Architecture firm principals are the Chief Financial Officers of their firm, whether they want to be or not. Sure, they may delegate that authority to someone who knows more than they do about balance sheets, income statements and financing, but a firm’s principals are ultimately responsible for the decisions made and actions taken in their organization.
For many small architecture firms, principals don’t have anyone to guide them for financial and other business matters. In some instances, firm owners use other employees to assist with day-to-day operations.
Jennifer Pullinger writes in the “Architect Magazine” that Belmont Freeman, FAIA, of Belmont Freeman Architects in New York City, “delegates some of the firm’s financial management to individual project architects.” Freeman also explains in the article that he creates “processes that allow them to continually examine key metrics for their firm. It’s good to have an associate in the office to discuss the finances of different projects, how to staff them and how to push them forward.”
As Freeman demonstrates, principals don’t have to feel lost when navigating the business-side of an architecture firm. Here are some key areas that a principal must work on to get a better handle on the firm’s day-to-day operations.
- Project Management
Software programs such as ArchiOffice are able to create reports that show different metrics, such as utilization rates and profitability, for each project phase. While “Analysis”, “Design” and “Development” are three of the more widely-used terms to identify different project phases in the architecture industry, you can be creative with how you identify each section of a project’s assembly line depending on the software program your firm uses.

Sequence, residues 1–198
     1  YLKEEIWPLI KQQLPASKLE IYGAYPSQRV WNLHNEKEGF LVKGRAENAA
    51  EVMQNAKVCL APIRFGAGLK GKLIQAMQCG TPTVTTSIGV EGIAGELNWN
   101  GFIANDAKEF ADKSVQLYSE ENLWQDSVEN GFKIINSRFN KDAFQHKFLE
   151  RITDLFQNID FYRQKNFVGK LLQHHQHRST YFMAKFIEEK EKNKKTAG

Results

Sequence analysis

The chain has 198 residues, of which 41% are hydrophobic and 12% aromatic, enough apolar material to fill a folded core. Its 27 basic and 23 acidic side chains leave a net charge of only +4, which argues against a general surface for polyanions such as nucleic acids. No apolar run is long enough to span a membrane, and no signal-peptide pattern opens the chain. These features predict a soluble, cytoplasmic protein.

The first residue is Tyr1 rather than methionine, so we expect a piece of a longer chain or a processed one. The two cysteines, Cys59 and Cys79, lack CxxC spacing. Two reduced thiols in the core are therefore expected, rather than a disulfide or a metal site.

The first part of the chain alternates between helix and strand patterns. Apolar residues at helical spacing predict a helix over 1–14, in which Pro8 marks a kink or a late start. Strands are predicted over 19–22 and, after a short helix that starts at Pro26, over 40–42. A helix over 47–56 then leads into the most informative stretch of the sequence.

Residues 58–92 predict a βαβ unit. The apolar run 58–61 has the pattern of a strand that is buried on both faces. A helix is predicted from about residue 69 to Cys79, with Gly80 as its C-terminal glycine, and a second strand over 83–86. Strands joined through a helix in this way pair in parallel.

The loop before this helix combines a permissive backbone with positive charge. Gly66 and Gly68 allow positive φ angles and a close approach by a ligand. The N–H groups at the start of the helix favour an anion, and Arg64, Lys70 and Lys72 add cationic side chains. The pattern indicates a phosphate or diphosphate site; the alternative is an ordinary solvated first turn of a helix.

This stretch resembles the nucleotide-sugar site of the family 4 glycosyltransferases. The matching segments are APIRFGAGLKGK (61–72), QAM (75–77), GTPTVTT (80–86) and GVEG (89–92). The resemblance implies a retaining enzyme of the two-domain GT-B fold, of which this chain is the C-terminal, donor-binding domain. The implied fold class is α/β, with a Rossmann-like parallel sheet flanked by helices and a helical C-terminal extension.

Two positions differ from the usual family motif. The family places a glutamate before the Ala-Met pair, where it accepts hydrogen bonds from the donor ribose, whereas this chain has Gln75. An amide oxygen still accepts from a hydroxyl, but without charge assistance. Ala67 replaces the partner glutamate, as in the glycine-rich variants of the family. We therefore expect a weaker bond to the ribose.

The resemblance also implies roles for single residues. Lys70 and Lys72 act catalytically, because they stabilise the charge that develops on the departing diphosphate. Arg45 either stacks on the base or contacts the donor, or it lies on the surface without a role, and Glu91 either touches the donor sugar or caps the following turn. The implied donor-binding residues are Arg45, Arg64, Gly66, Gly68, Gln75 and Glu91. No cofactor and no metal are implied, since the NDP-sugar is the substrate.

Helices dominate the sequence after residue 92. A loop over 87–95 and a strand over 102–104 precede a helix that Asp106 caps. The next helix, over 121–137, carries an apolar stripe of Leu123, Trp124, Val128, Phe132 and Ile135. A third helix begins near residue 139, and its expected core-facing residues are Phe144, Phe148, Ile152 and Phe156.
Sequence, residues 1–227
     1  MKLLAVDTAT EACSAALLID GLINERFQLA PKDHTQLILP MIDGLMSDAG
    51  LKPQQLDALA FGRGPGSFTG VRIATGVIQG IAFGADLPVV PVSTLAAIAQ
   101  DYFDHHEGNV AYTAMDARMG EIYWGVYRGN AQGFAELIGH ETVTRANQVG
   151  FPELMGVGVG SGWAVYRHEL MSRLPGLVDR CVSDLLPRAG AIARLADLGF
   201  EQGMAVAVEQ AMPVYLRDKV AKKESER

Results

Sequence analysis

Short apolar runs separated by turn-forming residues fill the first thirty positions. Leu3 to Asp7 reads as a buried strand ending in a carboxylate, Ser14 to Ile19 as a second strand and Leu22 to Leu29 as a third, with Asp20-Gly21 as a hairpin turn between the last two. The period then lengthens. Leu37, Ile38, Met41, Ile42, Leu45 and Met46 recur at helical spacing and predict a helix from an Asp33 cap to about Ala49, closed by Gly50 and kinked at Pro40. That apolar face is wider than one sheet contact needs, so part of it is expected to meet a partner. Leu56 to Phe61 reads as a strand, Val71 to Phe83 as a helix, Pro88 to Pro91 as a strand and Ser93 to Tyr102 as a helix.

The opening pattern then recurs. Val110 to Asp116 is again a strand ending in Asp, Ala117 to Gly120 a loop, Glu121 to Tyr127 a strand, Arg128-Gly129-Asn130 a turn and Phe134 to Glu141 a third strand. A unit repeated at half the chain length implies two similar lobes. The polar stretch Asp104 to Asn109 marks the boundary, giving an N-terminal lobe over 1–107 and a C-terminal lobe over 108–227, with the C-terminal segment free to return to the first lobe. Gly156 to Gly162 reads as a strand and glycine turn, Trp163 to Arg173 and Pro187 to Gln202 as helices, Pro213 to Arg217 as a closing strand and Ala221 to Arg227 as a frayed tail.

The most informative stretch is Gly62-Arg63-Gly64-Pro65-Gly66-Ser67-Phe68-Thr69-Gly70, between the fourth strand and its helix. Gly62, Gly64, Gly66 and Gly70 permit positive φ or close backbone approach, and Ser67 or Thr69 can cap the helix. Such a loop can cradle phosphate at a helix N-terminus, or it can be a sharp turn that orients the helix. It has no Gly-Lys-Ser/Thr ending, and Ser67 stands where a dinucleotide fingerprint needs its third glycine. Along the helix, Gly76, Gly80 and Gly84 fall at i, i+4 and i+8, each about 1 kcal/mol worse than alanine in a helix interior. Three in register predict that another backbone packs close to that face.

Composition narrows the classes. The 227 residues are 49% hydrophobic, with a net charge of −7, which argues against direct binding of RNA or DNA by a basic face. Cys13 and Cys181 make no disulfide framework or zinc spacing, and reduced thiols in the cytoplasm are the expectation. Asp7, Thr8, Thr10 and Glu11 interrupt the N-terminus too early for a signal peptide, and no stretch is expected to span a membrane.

The value in tracking projects in this much detail is looking at each phase as a “mini” project. While the overall project may come in under budget, there may be one or two phases that didn’t meet expectations. Managers can then zero in on these particular areas to see what areas need improvement.
- Staff Allocation
After a project’s original scope has been agreed upon by both you and your client, the task of assigning certain tasks to specific employees can begin.
For managers, it’s important to know which employee is working on which phase of a project. In ArchiOffice, you can allocate underutilized staff to projects phases that may need more man-hours. Also, you can give permission to inexperienced staff to work on certain phases and tasks but not others.
Employees find it very helpful to organize all the project phases and tasks on their current to-do-list. Now, time is spent on actually doing billable work rather than trying to track down a supervisor to find out which projects should have priority.
- Financial Planning
Tom Lenchek, AIA, principal of Balance Architects in Seattle, says the secret to his firm’s success is continual monitoring of several financial metrics, including gross billings per month, gross income per month and salary and wages expenses.
“I track a few key indicators that give me an indication of where we’re heading, how we did last month, where we are probably headed next month, and I just track those every month,” Lenchek says in Pullinger’s “Architect Magazine” article. “Over a number of years, I can get a feel for where things are at.” Like Freeman, Lenchek also creates processes that let others in his firm easily crunch numbers and quickly analyze data.
Furthermore, don’t let your lack of business or management experience hinder your firm’s success. By making use of reports on project profitability, staffing, and finances, you can gain more knowledge about your firm’s daily operations in order to improve its financial health.
If you would like to learn more about ArchiOffice or schedule a walk-through demonstration today, please call us at (855) 687-1028 or email us at firstname.lastname@example.org.